The decision

Upper Tribunal
(Immigration and Asylum Chamber) Appeal Number: HU/01703/2020


Heard at Field House
Decision & Reasons Promulgated
22nd April 2022
27th July 2022




Miss A R
(anonymity direction made)


For the Appellant: Ms J Fisher, counsel
For the Respondent: Ms H Gilmore, Home Office Presenting Officer

I have imposed an anonymity order owing to the sensitive nature of the information included in the decision.
1. The appellant, a citizen of South Africa born on 12th December 1992, appealed against the decision of the Secretary of State dated 16th January 2020 to refuse her application for leave to remain pursuant to Article 8 of the European Convention on Human Rights (“the ECHR"). This decision follows a resumed hearing after the decision of First-tier Tribunal Judge Boyes promulgated on 1st April 2020, dismissing the appellant’s appeal was set aside.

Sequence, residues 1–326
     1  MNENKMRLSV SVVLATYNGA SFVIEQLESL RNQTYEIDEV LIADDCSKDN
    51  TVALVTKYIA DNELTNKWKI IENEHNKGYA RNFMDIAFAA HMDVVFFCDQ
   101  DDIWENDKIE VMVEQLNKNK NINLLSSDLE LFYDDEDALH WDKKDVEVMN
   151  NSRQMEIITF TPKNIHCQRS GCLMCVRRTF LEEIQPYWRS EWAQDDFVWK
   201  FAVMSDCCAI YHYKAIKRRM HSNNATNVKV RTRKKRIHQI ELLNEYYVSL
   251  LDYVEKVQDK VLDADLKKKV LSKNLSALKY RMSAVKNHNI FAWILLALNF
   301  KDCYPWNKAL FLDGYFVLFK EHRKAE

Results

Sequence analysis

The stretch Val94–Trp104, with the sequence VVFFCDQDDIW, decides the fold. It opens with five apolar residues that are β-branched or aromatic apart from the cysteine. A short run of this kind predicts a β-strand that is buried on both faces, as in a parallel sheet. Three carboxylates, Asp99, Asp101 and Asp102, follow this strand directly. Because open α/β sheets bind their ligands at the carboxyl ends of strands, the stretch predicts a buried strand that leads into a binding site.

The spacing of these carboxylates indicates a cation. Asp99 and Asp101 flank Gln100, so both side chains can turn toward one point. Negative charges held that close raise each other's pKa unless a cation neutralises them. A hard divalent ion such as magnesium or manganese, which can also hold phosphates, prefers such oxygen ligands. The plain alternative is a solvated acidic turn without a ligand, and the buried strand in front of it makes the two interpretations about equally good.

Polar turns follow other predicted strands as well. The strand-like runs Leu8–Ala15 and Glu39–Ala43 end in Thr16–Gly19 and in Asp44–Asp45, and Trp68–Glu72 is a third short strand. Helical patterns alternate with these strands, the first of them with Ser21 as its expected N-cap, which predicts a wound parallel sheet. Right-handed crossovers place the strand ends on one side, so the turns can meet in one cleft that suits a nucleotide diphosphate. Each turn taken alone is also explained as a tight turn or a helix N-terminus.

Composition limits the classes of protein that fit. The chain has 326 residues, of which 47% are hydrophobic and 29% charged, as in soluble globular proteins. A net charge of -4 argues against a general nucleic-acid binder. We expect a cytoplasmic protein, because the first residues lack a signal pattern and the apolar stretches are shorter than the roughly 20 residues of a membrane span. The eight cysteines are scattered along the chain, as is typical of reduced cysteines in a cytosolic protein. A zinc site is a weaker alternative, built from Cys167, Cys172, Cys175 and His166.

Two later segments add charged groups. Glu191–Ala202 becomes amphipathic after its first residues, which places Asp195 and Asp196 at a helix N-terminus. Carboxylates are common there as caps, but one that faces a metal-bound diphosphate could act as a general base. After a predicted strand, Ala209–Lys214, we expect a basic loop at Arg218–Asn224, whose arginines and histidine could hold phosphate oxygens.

2. The basis of the appellant’s claim was that there were very significant obstacles to her re-integration into South Africa under the Immigration Rules (“the Rules”) and secondly, even outside the Rules, that the respect for her family life meant that it would, under the ECHR, be disproportionate to require her to leave the United Kingdom owing to unjustifiably harsh consequences of her return. The appellant first entered the United Kingdom in December 2017 on a visit visa valid from 12th November 2017 to May 2018. She made her application, ‘in time’ for leave to remain on the basis of family and private life on 18th November 2019.